Alternative energy provides potential for growth

'Israel is the lab for the world.'

solar 88 (photo credit: )
solar 88
(photo credit: )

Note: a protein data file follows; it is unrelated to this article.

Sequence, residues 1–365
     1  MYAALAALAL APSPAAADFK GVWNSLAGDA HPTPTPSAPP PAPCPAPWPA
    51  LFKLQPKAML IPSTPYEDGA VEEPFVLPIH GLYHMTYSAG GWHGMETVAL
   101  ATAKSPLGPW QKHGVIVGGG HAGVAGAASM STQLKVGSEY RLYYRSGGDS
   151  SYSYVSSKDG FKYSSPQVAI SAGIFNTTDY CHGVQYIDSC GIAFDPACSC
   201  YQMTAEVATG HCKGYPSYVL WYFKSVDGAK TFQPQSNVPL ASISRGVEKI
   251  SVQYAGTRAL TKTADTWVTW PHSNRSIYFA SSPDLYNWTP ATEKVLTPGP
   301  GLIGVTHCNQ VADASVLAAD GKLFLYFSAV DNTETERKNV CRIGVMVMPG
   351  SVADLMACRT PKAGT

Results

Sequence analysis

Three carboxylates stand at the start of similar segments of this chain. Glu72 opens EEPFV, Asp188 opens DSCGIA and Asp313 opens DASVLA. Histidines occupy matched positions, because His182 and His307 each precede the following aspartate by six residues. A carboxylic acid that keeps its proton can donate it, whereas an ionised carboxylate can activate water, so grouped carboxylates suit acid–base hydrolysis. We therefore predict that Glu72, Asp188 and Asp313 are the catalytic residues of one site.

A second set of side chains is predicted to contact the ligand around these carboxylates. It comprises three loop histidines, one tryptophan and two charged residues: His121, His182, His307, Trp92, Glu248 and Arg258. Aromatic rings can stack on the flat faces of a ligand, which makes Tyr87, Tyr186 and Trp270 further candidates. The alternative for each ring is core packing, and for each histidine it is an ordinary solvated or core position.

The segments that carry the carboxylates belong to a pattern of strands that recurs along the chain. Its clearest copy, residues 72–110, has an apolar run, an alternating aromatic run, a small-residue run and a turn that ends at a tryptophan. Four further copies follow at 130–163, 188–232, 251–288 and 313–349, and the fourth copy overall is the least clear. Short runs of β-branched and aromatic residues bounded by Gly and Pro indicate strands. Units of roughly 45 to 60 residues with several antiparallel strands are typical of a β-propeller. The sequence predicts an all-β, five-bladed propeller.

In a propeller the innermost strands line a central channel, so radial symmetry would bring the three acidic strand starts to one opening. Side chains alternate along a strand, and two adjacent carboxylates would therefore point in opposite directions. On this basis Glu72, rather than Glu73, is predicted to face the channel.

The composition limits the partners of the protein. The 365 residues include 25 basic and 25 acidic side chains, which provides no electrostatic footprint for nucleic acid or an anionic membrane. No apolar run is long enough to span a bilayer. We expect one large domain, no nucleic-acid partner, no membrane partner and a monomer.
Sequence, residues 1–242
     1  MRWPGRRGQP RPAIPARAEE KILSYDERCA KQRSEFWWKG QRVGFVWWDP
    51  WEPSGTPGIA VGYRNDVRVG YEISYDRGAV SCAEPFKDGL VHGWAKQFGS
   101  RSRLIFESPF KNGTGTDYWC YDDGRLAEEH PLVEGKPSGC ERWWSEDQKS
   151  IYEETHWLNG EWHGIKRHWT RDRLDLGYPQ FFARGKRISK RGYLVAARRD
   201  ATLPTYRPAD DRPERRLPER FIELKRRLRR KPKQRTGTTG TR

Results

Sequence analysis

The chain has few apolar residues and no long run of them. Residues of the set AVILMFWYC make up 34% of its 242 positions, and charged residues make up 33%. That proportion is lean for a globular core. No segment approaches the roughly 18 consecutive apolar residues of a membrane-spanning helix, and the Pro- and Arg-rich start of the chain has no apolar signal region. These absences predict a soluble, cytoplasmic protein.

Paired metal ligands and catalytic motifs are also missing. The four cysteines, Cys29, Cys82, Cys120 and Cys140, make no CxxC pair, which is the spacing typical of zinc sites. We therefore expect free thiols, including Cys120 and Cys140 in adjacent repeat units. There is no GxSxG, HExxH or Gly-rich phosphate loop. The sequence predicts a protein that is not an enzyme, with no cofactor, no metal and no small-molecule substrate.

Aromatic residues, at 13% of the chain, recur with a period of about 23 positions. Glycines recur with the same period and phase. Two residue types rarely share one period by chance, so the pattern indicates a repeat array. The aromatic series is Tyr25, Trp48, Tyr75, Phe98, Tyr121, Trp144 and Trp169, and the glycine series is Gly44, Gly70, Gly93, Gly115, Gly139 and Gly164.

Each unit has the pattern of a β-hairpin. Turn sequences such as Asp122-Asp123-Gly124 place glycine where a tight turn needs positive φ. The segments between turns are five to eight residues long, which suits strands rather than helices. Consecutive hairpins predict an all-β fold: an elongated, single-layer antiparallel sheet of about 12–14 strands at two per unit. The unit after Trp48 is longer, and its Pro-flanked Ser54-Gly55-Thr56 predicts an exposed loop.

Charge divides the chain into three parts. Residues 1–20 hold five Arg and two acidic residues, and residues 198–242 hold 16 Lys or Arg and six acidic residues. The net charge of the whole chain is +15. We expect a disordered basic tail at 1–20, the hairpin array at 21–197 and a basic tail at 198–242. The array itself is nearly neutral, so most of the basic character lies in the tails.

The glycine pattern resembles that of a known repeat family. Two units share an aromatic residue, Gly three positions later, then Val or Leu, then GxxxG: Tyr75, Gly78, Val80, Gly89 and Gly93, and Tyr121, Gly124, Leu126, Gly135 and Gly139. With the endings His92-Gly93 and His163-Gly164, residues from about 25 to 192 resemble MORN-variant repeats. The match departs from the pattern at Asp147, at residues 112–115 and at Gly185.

Israeli innovation and foreign need are creating the potential for significant growth in the underdeveloped sector of alternative energy and the government is ready to help. "The opportunity Israel presents is in the technology side … it has the ability to produce technology to go out to the world," said Dave Ronn a partner at the Houston-based law firm Mayer Brown Rowe & Maw, the eighth-largest law firm in the world. Peter del Vecchio, a partner at the same firm, said Israel should view itself as the lab for the world. The legal duo were in Israel for the Renewable and Alternative Energy Conference, which took place this week in Tel Aviv. The lawyers, whose practices focus on energy-related work, see great potential for collaboration between US oil companies and Israeli innovators. "The oil companies need diversity in their energy sources, they can no longer be beholden to one energy source. The big companies are no longer just oil companies they are energy companies," del Vecchio said. "Alternative energy is no longer a fringe issue in the US, it's an apple pie issue, it's mainstream." Ronn sees Israel as the ideal place for alternative energy development, citing a dearth of natural resources, lots of brain power and a government that wants to support it as a confluence of factors that creates this environment. "We need to tie developments of public sector and private initiatives and take advantage of capabilities already existent in Israel," said Hezi Kugler, director general of the Ministry of National Infrastructure. The private sector is "lagging behind," but the Ministry of National Infrastructure is trying to change this through an ambitious regime of incentive programs to encourage the private sector to enter the market. Through tax breaks and other economic programs, such as allowing higher prices to be paid to producers of electricity using alternative sources, the government hopes to encourage private development. A further stimulant for energy development in Israel comes from the Ministry of Science, Culture, and Sports. Dr. Eli Opper, the chief scientist at the ministry, in his address at the conference, asked "How will the Israeli economy benefit from the energy sector?" R&D, he answered, is the only chance that Israel has to prevail in the next generation because it is not excelling in renewable energy developments." But Opper wants this to change: "The area of energy is so huge, we need to expand." According to Opper, the way to achieve this is by supporting research and development, which will result in innovation. "Innovation, he said, is the way to transfer R&D into money."